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Journal of Experimental Botany
  • Weksler, Shahar;
  • Rozenstein, Offer;
  • Dor, Eyal Ben;

The collection and analysis of large amounts of information on a plant-by-plant basis contributes to the development of precision fertigation and may be achieved by combining remote-sensing technology with high-throughput phenotyping methods. Here, lettuce plants (Lactuca sativa) were grown under optimal and suboptimal nitrogen and irrigation treatments from seedlings to harvest. A Plantarray system was used to calculate and log weights, daily transpiration, and momentary transpiration rates throughout the experiment. From 15 d after planting until experiment termination, the entire array of plants was imaged hourly (from 09.00 h to 14.00 h) using a hyperspectral moving camera. Three vegetation indices were calculated from the plants' reflectance signal: red-edge chlorophyll index (RECI), photochemical reflectance index (PRI), and water index (WI), and combined treatments, physiological measurements, and vegetation indices were compared. RECI values differed significantly between nitrogen treatments from the first day of imaging, and WI values distinguished well-irrigated from drought-treated groups before detecting significant differences in daily transpiration rate. The PRI, calculated hourly during the drought-treatment phase, changed with the momentary transpiration rate. Thus, hyperspectral imaging might be used in growing facilities to detect nitrogen or water shortages in plants before their physiological response affects yields.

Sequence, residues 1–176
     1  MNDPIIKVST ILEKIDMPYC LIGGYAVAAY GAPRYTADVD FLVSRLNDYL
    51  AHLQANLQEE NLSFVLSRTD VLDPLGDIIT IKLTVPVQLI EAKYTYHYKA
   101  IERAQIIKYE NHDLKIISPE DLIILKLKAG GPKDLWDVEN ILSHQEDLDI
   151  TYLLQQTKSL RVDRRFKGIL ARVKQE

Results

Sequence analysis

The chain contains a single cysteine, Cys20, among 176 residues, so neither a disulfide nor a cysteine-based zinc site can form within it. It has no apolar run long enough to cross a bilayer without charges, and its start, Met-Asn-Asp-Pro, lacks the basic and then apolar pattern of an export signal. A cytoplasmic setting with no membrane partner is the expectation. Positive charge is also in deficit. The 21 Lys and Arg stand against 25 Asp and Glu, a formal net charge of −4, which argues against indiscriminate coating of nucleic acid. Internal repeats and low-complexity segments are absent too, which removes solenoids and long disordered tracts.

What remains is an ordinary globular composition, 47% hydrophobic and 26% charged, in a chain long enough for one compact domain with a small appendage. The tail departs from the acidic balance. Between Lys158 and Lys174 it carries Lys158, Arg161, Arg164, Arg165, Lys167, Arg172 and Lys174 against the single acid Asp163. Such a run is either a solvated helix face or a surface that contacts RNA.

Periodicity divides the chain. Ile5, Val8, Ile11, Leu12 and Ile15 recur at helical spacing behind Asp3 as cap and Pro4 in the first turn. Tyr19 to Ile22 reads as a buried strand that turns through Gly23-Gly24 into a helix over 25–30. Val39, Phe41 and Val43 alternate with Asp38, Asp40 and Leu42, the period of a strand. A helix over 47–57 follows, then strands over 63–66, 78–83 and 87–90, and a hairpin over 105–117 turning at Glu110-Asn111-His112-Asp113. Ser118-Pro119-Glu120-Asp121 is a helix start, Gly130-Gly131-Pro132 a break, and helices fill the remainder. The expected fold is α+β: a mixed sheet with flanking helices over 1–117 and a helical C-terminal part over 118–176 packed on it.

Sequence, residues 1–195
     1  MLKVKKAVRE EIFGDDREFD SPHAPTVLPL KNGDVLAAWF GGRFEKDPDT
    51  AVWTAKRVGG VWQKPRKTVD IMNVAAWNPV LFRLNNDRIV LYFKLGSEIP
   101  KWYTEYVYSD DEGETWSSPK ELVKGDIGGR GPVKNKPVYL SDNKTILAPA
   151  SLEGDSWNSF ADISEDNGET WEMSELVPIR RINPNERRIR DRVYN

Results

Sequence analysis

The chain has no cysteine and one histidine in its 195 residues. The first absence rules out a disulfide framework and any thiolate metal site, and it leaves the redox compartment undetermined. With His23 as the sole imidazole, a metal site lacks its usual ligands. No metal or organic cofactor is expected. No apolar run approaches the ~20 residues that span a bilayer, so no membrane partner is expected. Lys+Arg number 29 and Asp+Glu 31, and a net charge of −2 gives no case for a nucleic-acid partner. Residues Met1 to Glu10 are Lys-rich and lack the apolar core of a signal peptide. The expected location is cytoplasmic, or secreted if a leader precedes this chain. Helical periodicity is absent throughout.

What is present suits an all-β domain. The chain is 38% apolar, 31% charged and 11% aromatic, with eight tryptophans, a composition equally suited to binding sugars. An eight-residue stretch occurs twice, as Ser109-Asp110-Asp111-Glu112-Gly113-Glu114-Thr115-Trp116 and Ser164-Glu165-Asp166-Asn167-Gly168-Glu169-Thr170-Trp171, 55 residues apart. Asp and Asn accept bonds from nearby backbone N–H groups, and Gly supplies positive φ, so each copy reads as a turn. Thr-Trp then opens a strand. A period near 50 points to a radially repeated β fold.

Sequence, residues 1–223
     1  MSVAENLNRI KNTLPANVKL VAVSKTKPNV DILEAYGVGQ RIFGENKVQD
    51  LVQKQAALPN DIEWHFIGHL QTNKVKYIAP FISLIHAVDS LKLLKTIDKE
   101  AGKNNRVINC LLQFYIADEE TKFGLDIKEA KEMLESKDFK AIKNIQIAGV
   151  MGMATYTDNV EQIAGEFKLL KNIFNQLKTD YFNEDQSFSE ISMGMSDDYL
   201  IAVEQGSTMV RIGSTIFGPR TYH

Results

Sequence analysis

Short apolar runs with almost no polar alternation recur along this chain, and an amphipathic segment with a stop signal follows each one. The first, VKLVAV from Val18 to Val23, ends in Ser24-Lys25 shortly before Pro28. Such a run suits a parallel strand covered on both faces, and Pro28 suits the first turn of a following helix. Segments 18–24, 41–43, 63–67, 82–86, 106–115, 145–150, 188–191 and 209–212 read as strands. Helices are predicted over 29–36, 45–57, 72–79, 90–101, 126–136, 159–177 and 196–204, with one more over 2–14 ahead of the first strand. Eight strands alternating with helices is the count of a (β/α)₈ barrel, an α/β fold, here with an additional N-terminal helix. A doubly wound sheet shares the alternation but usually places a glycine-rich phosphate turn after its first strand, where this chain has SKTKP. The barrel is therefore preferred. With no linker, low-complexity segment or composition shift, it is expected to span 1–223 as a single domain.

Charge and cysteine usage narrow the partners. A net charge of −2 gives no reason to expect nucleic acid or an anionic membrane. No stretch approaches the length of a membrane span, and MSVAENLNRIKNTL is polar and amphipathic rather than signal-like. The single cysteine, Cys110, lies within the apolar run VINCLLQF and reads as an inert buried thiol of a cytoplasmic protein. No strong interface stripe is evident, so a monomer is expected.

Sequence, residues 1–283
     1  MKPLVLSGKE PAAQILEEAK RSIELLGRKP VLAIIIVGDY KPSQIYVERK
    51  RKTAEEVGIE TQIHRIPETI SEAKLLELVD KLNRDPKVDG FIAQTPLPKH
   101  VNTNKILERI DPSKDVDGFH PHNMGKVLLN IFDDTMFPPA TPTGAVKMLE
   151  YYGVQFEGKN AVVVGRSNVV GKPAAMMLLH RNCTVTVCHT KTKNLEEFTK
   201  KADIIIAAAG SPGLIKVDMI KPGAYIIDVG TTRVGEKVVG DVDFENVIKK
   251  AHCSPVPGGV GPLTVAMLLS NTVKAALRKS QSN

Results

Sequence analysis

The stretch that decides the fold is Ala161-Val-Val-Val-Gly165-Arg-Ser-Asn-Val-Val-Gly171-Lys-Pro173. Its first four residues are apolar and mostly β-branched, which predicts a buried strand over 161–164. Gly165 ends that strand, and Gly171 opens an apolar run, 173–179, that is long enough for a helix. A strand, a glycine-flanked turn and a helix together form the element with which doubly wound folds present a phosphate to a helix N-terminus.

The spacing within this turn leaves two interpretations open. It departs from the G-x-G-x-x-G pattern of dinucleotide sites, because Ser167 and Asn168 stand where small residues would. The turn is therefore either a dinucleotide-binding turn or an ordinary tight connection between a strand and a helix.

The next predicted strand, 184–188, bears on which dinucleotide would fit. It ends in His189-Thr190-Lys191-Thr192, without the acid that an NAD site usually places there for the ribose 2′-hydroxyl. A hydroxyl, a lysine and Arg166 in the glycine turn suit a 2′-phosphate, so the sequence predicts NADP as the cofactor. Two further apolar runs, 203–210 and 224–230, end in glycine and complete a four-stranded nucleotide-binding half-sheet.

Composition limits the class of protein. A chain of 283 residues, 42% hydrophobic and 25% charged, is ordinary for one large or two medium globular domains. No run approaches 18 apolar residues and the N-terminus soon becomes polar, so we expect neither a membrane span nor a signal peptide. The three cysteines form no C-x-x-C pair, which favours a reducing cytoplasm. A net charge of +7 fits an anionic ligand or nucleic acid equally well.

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Continuous seasonal monitoring of nitrogen and water content in lettuce using a dual phenomics system
73(15)
  • Weksler, Shahar;
  • Rozenstein, Offer;
  • Dor, Eyal Ben;

The collection and analysis of large amounts of information on a plant-by-plant basis contributes to the development of precision fertigation and may be achieved by combining remote-sensing technology with high-throughput phenotyping methods. Here, lettuce plants (Lactuca sativa) were grown under optimal and suboptimal nitrogen and irrigation treatments from seedlings to harvest. A Plantarray system was used to calculate and log weights, daily transpiration, and momentary transpiration rates throughout the experiment. From 15 d after planting until experiment termination, the entire array of plants was imaged hourly (from 09.00 h to 14.00 h) using a hyperspectral moving camera. Three vegetation indices were calculated from the plants' reflectance signal: red-edge chlorophyll index (RECI), photochemical reflectance index (PRI), and water index (WI), and combined treatments, physiological measurements, and vegetation indices were compared. RECI values differed significantly between nitrogen treatments from the first day of imaging, and WI values distinguished well-irrigated from drought-treated groups before detecting significant differences in daily transpiration rate. The PRI, calculated hourly during the drought-treatment phase, changed with the momentary transpiration rate. Thus, hyperspectral imaging might be used in growing facilities to detect nitrogen or water shortages in plants before their physiological response affects yields.

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